Major disruptions have been suffered at all social levels due to the COVID-19 pandemic. With over 10,000 daily confirmed casualties directly related to the virus during December 2020, and an increase of deaths related to other illnesses due to weakened healthcare systems1, it will be among one of the leading causes of death of 2020 and it will have long-lasting economic and social consequences. Surveys conducted in heavily affected cities suggest that a small part of the population has acquired COVID-19 antibodies2, implying that we are far from reaching herd immunity through natural infection3. Furthermore, considering a conservative infection fatality ratio and an optimistic herd immunity threshold, several thousand casualties would still be suffered3. With many vaccines already approved, the biggest and most ambitious vaccination campaign in history has already begun.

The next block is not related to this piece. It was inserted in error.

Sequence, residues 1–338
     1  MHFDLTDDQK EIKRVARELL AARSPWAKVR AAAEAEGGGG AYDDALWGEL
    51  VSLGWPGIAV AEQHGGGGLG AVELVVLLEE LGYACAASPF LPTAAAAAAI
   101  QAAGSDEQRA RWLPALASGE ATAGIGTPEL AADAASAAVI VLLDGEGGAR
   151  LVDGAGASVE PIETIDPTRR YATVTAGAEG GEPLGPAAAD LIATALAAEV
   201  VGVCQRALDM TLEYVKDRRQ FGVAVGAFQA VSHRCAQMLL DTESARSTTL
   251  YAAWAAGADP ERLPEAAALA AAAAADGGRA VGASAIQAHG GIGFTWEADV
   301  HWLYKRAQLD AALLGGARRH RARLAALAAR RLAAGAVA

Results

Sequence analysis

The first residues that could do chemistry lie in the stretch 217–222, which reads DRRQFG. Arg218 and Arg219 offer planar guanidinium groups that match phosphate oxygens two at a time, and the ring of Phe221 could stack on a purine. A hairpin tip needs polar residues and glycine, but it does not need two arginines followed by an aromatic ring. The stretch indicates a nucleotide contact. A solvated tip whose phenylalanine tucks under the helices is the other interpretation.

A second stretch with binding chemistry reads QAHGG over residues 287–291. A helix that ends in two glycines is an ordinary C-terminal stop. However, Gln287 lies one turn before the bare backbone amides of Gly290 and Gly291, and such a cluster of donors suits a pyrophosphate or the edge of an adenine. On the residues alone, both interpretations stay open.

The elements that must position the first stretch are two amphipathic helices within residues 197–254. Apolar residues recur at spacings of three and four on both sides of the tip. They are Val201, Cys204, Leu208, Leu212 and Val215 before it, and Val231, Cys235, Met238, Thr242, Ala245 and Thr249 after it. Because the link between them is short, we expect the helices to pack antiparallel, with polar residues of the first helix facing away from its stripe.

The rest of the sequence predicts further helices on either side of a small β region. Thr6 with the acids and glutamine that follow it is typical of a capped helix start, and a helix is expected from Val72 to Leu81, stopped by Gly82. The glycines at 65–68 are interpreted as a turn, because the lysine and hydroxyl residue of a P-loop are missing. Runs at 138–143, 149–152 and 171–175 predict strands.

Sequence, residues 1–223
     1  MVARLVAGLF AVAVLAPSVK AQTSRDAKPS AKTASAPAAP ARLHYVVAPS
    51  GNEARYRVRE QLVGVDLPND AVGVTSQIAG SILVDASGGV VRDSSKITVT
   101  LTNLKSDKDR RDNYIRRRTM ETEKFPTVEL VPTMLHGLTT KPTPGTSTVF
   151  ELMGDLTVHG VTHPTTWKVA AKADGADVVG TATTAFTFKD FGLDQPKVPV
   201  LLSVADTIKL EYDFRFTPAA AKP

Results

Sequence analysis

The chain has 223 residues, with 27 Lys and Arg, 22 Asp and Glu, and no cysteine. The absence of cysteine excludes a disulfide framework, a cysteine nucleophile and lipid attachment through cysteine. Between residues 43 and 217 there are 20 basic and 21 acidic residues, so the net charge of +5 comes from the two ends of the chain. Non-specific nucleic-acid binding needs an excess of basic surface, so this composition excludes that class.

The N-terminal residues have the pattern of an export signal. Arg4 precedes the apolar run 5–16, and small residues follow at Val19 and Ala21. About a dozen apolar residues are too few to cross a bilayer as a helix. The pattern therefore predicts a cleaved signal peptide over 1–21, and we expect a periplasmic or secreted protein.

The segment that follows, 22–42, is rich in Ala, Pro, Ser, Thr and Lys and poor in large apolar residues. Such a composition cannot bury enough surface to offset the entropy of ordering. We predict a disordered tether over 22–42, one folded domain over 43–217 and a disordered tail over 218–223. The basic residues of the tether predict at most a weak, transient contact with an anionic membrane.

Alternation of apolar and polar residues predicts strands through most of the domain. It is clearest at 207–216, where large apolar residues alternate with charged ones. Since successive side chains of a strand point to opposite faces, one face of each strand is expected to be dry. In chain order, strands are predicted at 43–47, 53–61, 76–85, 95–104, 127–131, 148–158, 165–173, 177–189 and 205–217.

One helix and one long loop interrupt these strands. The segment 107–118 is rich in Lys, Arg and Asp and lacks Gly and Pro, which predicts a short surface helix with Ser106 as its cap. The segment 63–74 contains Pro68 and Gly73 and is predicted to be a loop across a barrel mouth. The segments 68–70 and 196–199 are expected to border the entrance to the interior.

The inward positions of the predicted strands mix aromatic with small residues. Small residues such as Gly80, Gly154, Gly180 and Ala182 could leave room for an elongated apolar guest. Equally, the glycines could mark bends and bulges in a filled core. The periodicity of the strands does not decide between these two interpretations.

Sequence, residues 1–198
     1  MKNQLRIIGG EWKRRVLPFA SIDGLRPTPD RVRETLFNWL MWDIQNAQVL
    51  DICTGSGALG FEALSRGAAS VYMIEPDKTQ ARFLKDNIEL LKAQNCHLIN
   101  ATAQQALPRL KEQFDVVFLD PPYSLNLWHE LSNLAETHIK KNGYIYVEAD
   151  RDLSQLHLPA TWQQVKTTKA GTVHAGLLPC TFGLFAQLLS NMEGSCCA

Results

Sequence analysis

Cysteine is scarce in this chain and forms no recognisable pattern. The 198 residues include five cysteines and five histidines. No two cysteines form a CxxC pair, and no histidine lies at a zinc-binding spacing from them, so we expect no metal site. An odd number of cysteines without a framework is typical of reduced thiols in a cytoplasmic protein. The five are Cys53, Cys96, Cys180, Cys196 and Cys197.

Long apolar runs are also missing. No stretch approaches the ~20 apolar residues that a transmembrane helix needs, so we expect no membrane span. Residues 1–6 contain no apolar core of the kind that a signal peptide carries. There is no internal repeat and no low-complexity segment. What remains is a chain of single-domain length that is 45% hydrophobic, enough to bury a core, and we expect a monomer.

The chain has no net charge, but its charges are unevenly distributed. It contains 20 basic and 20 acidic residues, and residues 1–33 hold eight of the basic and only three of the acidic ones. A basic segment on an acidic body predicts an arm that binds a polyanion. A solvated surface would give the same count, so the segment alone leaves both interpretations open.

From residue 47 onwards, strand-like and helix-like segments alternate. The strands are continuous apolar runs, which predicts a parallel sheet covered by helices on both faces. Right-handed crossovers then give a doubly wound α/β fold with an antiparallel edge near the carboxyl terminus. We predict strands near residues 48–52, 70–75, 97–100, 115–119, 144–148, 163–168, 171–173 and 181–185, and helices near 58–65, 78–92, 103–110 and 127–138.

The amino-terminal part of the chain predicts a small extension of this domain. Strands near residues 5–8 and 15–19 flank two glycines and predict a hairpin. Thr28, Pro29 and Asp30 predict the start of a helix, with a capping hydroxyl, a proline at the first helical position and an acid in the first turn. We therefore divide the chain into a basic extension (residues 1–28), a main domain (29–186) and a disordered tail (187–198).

The production and mass distribution of a COVID-19 vaccine will still be a major challenge. For example, Robert Redfield, the Director of the US Centers for Disease Control and Prevention (CDC), mentioned on a US Senate hearing (September 16th, 2020) that he expects that with the availability of the vaccine the US public will return to their “regular life” around the third quarter 20214. In most parts of the world, mass immunisation will not happen any time soon, and therefore, a targeted vaccination will be a key element to optimise the limited number of vaccines and to mitigate the impacts of the pandemic. Under this scenario, unvaccinated individuals will still benefit from the immunity of those vaccinated, since the reduction of susceptible hosts limits the spread of the disease5. Considering the global demand for the vaccine, distinct vaccination strategies, prioritising population groups with higher exposure to the virus or higher risk of severe disease or death, will be a key policy, particularly during the early stages of the vaccine distribution.